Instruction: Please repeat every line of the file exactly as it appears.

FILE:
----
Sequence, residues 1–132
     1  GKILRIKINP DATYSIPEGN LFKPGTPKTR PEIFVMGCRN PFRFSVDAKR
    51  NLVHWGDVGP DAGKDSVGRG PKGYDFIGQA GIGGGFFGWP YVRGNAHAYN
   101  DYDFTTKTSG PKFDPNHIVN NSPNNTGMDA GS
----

Sequence, residues 1–132
     1  GKILRIKINP DATYSIPEGN LFKPGTPKTR PEIFVMGCRN PFRFSVDAKR
    51  NLVHWGDVGP DAGKDSVGRG PKGYDFIGQA GIGGGFFGWP YVRGNAHAYN
   101  DYDFTTKTSG PKFDPNHIVN NSPNNTGMDA GS